Hybrid Working – A new perspective

We are set to see the transformation of the workplace continue as many companies are looking for more ways to attract and retain talent following the pandemic and the great resignation. The cost-of-living crisis and strikes are also going to have a huge impact on organisations over the coming months.

There has been a once in a lifetime shake up of the way in which businesses operate, what they offer their employees and how they service their customers. I don’t think back in 2019 we’d have anticipated that the majority of us would have the flexibility to our roles we now enjoy with the introduction of Hybrid models that’s happened over the last two years. 

Employee surveys are still showing that having a Hybrid option is one of the most in demand aspects job seekers and existing employee alike are looking for. But is this enough? 

Should where you work from be limited to the office or home?

As the world of travel opens back up, we’ve seen airports, ports, railways and the motorway networks pushed to their limits as people try to get back to a level of normality we haven’t had in over 2 years. If the technology is present, could you work from anywhere? 

Companies like Google, Airbnb and Spotify are now offering a ‘work from anywhere’ policy to give even more flexibility as their employees travel for holiday, to visit family etc. 

We know from employee surveys that over 60% are looking for more flexible working options to sustain a more positive work-life balance, and if this can include things like their travel plans then why not? 

Obviously there will be some considerations for businesses to support this option, things like: 

  • Internet coverage – Whilst you can provide a business option to their homes to allow connectivity, when they travel then the onus may have to shift to the individual to ensure they are in an area of great coverage. Options such as internet dongles could be considered.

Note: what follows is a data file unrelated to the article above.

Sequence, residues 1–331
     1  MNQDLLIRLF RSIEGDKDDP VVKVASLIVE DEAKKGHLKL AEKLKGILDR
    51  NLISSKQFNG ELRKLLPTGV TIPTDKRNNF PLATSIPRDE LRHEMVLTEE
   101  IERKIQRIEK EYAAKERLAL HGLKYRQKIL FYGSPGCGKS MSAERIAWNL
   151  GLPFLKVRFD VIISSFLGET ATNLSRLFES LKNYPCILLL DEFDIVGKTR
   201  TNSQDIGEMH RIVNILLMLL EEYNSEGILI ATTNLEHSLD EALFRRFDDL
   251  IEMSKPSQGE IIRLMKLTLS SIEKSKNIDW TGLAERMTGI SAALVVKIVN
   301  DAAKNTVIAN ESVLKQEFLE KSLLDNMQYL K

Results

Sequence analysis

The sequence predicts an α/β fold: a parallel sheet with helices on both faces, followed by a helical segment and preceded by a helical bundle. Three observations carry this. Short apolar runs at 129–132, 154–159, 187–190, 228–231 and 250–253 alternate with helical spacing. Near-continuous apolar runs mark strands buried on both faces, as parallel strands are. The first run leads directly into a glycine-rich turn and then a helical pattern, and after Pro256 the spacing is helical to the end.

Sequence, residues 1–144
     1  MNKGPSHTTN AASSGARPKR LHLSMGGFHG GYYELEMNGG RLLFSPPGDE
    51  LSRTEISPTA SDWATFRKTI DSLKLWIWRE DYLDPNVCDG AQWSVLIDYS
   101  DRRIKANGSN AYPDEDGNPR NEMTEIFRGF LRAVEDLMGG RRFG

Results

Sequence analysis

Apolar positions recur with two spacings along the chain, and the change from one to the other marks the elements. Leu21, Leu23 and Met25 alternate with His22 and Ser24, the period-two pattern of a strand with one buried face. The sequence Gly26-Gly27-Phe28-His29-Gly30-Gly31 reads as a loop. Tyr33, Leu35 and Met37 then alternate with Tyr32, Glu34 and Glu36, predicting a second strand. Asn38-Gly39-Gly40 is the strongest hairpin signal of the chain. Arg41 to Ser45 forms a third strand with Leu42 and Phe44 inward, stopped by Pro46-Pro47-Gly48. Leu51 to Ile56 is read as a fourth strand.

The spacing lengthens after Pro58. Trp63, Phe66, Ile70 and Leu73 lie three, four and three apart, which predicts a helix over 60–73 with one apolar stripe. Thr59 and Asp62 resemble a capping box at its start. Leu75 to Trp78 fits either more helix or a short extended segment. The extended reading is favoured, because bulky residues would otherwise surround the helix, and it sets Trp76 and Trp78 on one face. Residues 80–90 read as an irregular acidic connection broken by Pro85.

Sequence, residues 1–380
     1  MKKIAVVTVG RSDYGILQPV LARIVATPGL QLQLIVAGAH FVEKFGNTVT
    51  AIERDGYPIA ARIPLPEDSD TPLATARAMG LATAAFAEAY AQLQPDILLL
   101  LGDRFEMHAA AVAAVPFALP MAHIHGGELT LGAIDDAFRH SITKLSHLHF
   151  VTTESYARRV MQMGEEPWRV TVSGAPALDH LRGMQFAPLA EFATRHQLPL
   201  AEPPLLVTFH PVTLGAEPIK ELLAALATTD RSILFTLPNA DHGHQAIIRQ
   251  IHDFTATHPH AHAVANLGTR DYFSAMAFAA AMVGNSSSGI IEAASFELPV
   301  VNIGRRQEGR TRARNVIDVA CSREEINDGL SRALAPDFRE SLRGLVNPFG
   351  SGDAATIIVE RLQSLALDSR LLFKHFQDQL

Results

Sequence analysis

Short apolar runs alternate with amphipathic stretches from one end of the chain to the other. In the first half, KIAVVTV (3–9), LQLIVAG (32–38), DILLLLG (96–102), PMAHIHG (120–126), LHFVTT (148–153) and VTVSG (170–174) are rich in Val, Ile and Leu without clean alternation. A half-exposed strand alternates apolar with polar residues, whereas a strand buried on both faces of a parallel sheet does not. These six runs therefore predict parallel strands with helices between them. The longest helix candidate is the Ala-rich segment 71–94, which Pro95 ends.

• Security – both on the internet connectivity and the data storage. 
  • Working hours – this is more around time zones, depending on where the travel may be to. Especially if you hire employees from countries where they haven’t been able to travel to over the last few years, with all the restrictions in place. 

Now these models don’t work for every business and it’s not to say all businesses should adopt a ‘work from anywhere’ policy, this is about discussing possibilities and potentially ways to set yourself aside from the competition.

With over 70% of job seekers stating that they would only consider roles where they are offered flexibility to work from anywhere, at least some of the time, is it time you changed how you think about the office environment? 

The counter argument of course is that by working remotely, you can potentially lose that connectivity to staff, within teams. That comradery, the networking, the chit chat. Arguably the innovation. Articles from people like Lord Sugar and Karren Brady talk about this and it is true, this can be lost is everyone is working from home, so this also needs to be considered too. How do you keep people engaged and feeling connected, how do you get teams together to work collaboratively? Make sure you’ve considered all aspects when you’re thinking of your hybrid models.

We do have a free downloadable hybrid working guide, if you want to read more on this subject, click here.

Hybrid Working – A new perspective